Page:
• I been talking bout inkers for awhile now. It makes the BIGGEST difference having a good inker. I mean the penciler sets the panel, but what we see is the ink. Especially on a dark book like Batman. Mick Gray and Jonathan Glapion have been awesome. This book didnt look so hot.

    • @WAC1 – Inkers deserve more respect from the outer fringes of comics fandom (as well as mainstream media), but good inking is very much loved by long-time fans and true appreciators of the form.

      However, multiple inkers isn’t always a bad thing. The ‘New 52’ ‘Green Lantern’ title had Mahnke’s pencils inked by about 150,000 inkers per panel (actual number may vary) and the art in that book was routinely great to look at.

      You always mention inkers, WAC, you’re definitely someone who appreciates the art of these people.

      To any doubters: Would Jim Lee’s stuff look as great without Scott Williams? I sincerely doubt it.

      PS – Ever seen Mike Royer inking Bruce Timm? That was something.

    • @poet scott williams is jim lee’s (not so secret) weapon. Ive seen him inked by others and it has looked HORRIBLE. I recently read the Mad Love trade and I think he did the Poison Ivy story drawn by Timm. It looked great (as does just about everything by Bruce Timm). And I agree with you, its quality iver quantity when it comes to inking. Craig Yeung is a good inker and he did some work here, not sure where though. Sometimes multiple inkers try to look homogeneous and it just ends up looking bad. Thsts kinda what happened here I think.

    • By “him” I mean Royer not Williams 🙂

    • @WAC1 The ‘Mad Love’ trade is glorious. It was so nicely put together and the quality of the storytelling is amazing.

      Royer didn’t do the Poison Ivy story (as far as I can tell, anyway), but he did ink the cover to the Ra’s Al Ghul/Demon story, giving Timm’s art a Kirby-esque vibe that was soooo perfect I can’t really describe it. I thought Royer did the dream sequence too, but apparently not. In fact, Timm may have inked those pages himself. They even dedicated the story to Jolly Jack – How awesome.

      I have loved the Joker solo story ‘Laughter After Midnight’ by Paul Dini & John Byrne since childood, it pretty much captured Joker’s character perfectly. I loved his encounter with Stan the Doughnut Boy – Hilarious and genuinely scary, just like The Joker should always be!

      We also get art by Klaus Jansen and Matt Wagner in that volume as well!

      DC really put a lot of top talent behind ‘The Batman Adventures’ book, even though it could easily have been a simple TV show tie-in and probably sold pretty well without anything more than simple, child-friendly stories about Batman fighting Joker. It just goes to show that a little effort (and a lot of talent, and Paul Dini as a writer) gets you a long way indeed.

  16. Really loved this issue. I thought the writing was awesome, Bennett tells a really good Batman story. The art was pretty solid as well. This did remind me a bit of Morrison’s Arkham Asylum, with the whole Batman belongs in here with us motif. All in all it was pretty solid!!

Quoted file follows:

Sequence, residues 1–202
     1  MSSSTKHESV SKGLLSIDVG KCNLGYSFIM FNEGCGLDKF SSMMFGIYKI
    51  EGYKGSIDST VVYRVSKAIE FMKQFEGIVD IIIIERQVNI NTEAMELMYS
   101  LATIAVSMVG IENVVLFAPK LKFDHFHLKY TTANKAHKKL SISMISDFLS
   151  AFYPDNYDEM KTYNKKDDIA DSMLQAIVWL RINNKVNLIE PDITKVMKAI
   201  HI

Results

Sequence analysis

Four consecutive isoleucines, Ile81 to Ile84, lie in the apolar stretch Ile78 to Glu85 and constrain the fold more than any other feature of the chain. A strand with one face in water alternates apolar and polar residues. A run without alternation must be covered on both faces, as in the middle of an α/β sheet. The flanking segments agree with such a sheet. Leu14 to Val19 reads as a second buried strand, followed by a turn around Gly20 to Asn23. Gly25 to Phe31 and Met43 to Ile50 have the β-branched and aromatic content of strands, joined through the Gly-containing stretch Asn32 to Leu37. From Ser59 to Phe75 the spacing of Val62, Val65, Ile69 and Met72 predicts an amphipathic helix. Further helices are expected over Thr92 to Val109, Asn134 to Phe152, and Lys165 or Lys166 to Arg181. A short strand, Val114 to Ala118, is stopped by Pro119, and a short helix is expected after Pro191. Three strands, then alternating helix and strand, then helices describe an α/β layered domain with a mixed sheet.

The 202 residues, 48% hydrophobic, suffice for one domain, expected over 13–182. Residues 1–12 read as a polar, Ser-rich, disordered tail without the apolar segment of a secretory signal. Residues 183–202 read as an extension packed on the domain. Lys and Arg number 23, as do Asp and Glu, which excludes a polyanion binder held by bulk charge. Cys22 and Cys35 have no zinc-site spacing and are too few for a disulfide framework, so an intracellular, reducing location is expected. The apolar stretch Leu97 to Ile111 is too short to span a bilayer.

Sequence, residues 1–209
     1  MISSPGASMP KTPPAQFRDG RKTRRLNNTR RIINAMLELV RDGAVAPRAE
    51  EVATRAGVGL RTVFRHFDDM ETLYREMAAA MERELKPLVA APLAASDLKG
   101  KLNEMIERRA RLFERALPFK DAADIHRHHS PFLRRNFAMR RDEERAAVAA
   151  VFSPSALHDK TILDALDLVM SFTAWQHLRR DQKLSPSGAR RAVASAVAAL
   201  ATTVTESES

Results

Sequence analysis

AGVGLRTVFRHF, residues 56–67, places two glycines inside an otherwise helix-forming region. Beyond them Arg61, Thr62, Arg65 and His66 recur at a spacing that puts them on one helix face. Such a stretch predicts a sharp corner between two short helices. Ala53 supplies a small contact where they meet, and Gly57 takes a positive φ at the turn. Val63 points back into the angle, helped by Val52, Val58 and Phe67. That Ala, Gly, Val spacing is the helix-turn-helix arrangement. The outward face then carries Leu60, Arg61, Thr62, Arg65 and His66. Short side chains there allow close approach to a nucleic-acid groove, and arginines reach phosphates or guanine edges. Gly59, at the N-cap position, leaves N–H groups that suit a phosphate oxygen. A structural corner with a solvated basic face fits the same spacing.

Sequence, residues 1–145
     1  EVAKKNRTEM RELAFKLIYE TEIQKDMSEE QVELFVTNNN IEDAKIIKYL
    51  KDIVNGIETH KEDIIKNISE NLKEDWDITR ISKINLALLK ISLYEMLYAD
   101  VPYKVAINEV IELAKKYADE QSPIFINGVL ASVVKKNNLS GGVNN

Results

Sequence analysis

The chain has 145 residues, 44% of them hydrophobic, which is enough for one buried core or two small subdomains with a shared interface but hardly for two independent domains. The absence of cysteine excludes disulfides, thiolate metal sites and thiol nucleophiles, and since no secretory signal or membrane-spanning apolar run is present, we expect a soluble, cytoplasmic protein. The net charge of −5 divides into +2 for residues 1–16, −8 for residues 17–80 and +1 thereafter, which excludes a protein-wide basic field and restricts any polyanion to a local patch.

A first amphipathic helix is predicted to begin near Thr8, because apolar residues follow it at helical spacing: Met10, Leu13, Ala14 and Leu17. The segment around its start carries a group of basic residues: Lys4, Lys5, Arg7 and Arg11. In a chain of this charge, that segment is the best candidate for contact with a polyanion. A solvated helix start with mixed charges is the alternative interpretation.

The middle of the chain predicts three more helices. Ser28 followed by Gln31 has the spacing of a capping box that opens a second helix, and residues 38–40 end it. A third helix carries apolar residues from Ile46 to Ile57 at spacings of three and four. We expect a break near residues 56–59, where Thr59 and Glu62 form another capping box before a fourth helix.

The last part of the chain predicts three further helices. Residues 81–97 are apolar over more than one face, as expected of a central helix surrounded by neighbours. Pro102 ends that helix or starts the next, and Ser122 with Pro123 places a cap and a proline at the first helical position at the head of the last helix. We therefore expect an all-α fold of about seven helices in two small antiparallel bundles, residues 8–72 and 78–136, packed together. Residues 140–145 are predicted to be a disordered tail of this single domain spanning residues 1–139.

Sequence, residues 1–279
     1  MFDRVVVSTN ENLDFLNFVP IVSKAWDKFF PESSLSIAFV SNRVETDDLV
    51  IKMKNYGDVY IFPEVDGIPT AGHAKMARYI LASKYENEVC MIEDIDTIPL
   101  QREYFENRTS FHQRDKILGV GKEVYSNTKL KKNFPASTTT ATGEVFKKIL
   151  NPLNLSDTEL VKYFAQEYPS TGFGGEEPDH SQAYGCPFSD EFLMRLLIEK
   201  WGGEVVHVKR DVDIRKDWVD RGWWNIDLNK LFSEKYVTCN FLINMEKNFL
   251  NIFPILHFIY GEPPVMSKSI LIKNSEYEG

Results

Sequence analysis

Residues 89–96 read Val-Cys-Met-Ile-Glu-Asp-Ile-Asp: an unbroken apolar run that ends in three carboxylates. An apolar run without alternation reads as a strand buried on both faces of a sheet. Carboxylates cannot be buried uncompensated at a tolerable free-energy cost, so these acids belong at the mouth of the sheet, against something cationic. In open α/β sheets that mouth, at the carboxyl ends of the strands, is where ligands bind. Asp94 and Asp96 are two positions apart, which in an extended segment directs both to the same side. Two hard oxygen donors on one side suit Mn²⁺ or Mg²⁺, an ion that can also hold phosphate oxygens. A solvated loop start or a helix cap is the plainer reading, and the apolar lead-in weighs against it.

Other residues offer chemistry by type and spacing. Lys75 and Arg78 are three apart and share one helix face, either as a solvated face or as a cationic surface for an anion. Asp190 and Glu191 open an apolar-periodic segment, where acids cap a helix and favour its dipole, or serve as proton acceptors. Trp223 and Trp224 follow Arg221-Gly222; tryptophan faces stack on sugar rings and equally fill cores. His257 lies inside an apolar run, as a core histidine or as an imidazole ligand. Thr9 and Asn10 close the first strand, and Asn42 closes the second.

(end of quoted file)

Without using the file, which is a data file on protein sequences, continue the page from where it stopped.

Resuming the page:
17. This was not good. If that old bitch said “This was my sanctuary!” one more time, I was gonna throw the book out the window. I was as frustrated as Bruce that he couldn’t punch her.

    And every link from Batman’s maneuvers to his villains’ actions and abilities during an escape was wafer thin. All he really proved was that anyone could escape Arkham, as long as they were Batman.

    And “Featuring Zero Year” my ass. He mentioned it what? Once? Shameless.

    2/5 because the art wasn’t half bad.

  18. I didn’t hate this as much as others have, but I didn’t love it either. I agree that the Zero Year thing was rather misleading, which is a shame, as, overall, DC has been doing a better job than Marvel of tying their annuals into the ongoing’s current storyline. Still, in and of itself not bad. The art wasn’t bad, but, like the story, nothing outstanding either. I’m kinda curious whether this new worker at Arkham is being seeded for something further down the road. Snyder does seem to like doing that . . .

  19. This felt like it went a little silly for me.

  20. This is the last annual I buy before I read some reviews. Very misleading Zero Year B.S. and not worth $5.

  21. Jean Paul Sartre is rolling in his grave. This was LAME.

    • LOL – A character heavily based on Sartre (he’s called ‘Sarter’) does indeed commit suicide by hurling himself from the cliffs of Blackgate Prison in the Batman story ‘Madmen Across The Water’ by Alan Grant and Tim Sale. You just reminded me of that! 🙂

    • That story sounds better than this already 🙂 The anchoress literally explains No Escape “Other people are hell”. Im a fan of the play and it made my eyes roll.

    • I’m a huge fan of Sartre. Once more we agree mate! 🙂 I especially like ‘Existentialism is a Humanism’ and his short story collection ‘Intimacy’, but I have most of his major works on my bookshelf (including ‘Being & Nothingness’ and the ‘Roads to Freedom’ trilogy and ‘The Words’). I’m a pretty big fan of existentialist philosophy and French academia as well as classical philosophy and Psychology. Its nice to see that I’m not alone!

  22. A weak story and some average visuals, not worth the price tag